Just as there are rules in integration that cause an infinite number of integrals to not exist, so are there rules for the cube. But in Calculus, we have the alternative to integrate a function (whose anti-derivative cannot be expressed in terms of elementary functions) by expanding the function as an infinite power series and integrating it term-by-term. Similarly, this algorithm can be done by expanding (adding in a lot more outer-layer turns at the end or making the overall length of the algorithm longer), but it will not be pretty (if it can even be done at all). But whether talking about cubing or calculus, the alternative is not very beautiful.

As Lucas Garron mentioned, maybe what you are really hungry for is a pure edge flip algorithm that is the least number of moves. I am assuming he meant block quarter turn moves, because in block half turn moves, we already have the optimal algorithm (15).

For speedcubing purposes, these briefest pure “edge flip” algorithms (in block quarter turn moves) are most likely not going to be necessarily faster to perform than the current algorithms (I perform a few of mine around the same amount of time), even though they might be 5-6 block quarter turn moves less.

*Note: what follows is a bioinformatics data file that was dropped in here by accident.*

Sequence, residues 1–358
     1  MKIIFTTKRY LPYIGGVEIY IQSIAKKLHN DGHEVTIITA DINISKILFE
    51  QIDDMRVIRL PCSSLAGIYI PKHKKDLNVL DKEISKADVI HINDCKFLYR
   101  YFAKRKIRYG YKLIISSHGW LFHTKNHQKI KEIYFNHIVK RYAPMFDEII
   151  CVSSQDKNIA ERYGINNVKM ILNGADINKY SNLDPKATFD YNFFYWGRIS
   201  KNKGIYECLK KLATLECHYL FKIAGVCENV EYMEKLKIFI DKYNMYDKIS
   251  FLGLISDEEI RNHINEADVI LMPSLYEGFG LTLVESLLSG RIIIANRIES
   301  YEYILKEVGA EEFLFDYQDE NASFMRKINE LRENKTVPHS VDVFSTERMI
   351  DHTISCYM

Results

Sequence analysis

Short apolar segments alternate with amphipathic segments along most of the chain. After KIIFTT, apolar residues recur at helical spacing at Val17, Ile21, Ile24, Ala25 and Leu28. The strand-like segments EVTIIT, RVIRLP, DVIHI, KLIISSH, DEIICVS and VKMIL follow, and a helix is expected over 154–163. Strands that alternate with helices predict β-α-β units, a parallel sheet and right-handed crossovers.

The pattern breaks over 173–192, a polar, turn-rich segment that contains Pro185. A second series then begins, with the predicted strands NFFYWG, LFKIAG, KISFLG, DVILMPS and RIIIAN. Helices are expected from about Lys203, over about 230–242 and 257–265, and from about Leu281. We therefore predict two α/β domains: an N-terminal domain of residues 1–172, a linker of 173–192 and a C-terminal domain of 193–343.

If you absolutely hate the “one edge flip”, then use K4 (as V-te said). To make sure you avoid it using that method, first do commutators to make all of the LL yellow. Then do 1 of the 2 possible odd parity algorithms (or their mirrors). Unfortunately, this process often makes the cuber to do more moves than necessary to complete the LL edges.

You might think that the pure "edge flip" algorithms stink, but if you knew how much they accomplish, even though they are bounded by a very large number of constraints (the shorter the algorithm, the more constraints the composer of the algorithm has to overcome), you would develop a hate for the odd number of slice turns you use to solve the centers at the beginning! The "parity errors" therefore can be renamed "human errors" because we do have control to prevent them (but of course for speedcubing, there is no way to detect it in during inspection time—unless you are amazing). Pure odd parity algorithms are our "spare tires", if you will, and there is no "spare tire" which we can put on our car faster than what we already have.